Watercress belongs to the mustard family and is an aquatic salad green that is also considered an herb. It has a pleasantly strong bite and pairs well with lighter flavorings, especially in sauces. While originating in Asia and Europe, “cress” is found growing wild in clear waters throughout many countries. Commercially grown plants are harvested from protected beds that are free of contaminants.
Watercress is among several varieties in the “cress” family, along with garden cress, bittercress, upland cress, and Indian-cress. It is considered the mildest species.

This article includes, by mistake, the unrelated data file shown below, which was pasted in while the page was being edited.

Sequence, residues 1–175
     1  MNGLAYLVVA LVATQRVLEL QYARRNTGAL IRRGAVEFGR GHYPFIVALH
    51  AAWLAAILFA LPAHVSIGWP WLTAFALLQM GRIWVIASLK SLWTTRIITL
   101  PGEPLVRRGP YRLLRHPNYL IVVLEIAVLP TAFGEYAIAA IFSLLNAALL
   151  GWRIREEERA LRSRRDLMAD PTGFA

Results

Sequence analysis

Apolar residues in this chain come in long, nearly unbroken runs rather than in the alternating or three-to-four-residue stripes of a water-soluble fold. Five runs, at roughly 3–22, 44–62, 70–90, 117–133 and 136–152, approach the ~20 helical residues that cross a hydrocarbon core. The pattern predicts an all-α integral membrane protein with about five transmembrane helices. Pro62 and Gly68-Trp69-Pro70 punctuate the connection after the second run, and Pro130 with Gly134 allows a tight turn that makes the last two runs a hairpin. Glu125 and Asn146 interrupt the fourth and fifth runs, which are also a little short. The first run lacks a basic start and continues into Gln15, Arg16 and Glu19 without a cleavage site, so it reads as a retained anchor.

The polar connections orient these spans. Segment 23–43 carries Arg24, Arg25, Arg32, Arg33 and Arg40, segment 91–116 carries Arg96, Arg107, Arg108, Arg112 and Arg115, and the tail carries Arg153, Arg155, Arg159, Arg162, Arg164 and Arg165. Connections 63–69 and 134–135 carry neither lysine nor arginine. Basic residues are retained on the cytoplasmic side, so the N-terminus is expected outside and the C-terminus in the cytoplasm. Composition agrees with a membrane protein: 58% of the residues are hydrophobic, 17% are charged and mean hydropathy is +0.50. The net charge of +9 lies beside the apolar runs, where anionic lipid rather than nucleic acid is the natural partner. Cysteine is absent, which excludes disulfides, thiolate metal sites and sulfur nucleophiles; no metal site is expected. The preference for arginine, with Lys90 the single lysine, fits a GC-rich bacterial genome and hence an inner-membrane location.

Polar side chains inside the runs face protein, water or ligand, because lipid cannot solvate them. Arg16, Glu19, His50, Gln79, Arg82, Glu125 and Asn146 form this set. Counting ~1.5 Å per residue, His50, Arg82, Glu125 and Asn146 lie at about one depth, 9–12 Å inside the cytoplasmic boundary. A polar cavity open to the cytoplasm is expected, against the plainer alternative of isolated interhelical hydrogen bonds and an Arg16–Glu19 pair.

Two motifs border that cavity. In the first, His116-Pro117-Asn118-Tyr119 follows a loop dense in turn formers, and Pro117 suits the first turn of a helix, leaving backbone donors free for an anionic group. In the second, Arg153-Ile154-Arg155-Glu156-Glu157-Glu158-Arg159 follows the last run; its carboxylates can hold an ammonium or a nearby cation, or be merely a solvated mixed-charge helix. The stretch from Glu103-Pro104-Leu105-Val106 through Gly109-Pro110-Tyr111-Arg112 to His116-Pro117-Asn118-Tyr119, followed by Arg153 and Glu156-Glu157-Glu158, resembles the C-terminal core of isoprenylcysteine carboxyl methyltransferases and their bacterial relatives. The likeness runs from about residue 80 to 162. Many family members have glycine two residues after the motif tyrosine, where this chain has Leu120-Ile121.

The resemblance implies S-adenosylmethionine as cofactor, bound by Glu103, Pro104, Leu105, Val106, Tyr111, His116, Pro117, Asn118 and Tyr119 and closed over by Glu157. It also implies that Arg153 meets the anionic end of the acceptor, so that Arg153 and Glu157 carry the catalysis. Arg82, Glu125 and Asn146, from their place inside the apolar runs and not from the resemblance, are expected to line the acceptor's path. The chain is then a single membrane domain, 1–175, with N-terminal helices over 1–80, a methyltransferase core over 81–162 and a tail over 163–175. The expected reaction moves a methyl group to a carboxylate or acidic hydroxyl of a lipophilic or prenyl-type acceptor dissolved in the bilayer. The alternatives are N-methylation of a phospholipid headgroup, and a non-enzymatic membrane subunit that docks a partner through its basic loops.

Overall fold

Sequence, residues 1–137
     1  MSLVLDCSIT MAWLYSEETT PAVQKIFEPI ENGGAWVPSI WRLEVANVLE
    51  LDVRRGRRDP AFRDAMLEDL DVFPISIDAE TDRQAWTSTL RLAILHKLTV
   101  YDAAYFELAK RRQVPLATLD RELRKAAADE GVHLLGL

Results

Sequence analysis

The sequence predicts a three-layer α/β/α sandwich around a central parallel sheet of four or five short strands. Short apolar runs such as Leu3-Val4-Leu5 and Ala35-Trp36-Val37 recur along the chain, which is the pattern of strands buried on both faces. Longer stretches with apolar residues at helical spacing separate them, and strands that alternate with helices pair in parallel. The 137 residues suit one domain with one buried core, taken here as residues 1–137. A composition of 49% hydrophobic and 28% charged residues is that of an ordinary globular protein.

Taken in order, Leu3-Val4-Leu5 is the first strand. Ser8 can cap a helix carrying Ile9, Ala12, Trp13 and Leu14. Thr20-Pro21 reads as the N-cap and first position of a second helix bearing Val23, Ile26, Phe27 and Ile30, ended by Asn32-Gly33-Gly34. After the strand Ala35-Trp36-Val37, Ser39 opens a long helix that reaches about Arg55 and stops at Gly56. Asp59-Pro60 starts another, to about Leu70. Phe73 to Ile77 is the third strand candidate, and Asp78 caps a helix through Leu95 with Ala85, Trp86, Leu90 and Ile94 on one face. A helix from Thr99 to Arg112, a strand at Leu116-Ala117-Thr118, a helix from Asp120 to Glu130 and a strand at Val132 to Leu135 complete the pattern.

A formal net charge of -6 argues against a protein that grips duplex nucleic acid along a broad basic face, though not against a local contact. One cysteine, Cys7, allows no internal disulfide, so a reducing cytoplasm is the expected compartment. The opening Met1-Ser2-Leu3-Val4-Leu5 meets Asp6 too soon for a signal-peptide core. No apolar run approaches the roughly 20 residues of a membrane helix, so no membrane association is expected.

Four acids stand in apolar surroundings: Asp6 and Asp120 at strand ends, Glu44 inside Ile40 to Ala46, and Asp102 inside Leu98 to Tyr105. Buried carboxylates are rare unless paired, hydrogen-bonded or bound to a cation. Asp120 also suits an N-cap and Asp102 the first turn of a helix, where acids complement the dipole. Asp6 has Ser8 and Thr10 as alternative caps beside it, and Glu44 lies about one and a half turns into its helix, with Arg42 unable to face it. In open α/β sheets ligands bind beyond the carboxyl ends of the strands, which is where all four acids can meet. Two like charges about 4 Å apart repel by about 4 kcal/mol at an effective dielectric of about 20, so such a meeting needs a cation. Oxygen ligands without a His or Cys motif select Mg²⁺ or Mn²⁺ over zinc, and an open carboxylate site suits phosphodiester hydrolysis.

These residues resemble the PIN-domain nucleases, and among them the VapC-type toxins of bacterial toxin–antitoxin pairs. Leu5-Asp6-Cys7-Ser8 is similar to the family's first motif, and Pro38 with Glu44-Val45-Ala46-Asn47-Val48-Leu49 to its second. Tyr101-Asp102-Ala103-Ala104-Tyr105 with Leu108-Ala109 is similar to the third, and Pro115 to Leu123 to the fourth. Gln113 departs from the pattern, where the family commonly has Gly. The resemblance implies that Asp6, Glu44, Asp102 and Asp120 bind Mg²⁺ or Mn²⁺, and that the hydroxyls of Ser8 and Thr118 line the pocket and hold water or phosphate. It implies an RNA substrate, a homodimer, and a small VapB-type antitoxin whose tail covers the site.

Watercress is typically sold in bunches, but smaller markets may stock it loose in bins. Look for firm stalks and large, dark leaves that are relatively clean.
Keep moist in a plastic bag and refrigerate. Do not wash. Watercress will remain fresh for up to five days. For freezing, wash and chop or puree.
- Just before using, dip in cold water to remove grit.
- Blanch, drain, and blend with a favorite salad oil or dressing.
- Remove the lower portion of the stalk, which can be tough. Upper bracts are edible.
- Use in combination with lettuce on sandwiches.
- Crush or coarsely process and add to rice dishes.